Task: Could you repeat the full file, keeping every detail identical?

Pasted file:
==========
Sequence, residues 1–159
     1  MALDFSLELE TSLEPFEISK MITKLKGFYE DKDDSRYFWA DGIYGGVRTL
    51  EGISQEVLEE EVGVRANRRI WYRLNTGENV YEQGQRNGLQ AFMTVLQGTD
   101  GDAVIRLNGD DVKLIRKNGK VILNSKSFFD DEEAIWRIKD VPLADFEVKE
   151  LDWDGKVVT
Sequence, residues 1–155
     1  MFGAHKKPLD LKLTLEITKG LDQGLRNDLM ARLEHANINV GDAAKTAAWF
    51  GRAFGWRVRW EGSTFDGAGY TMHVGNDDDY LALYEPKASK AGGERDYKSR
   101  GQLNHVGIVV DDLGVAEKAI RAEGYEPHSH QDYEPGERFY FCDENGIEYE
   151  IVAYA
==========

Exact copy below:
Sequence, residues 1–159
     1  MALDFSLELE TSLEPFEISK MITKLKGFYE DKDDSRYFWA DGIYGGVRTL
    51  EGISQEVLEE EVGVRANRRI WYRLNTGENV YEQGQRNGLQ AFMTVLQGTD
   101  GDAVIRLNGD DVKLIRKNGK VILNSKSFFD DEEAIWRIKD VPLADFEVKE
   151  LDWDGKVVT
Sequence, residues 1–155
     1  MFGAHKKPLD LKLTLEITKG LDQGLRNDLM ARLEHANINV GDAAKTAAWF
    51  GRAFGWRVRW EGSTFDGAGY TMHVGNDDDY LALYEPKASK AGGERDYKSR
   101  GQLNHVGIVV DDLGVAEKAI RAEGYEPHSH QDYEPGERFY FCDENGIEYE
   151  IVAYA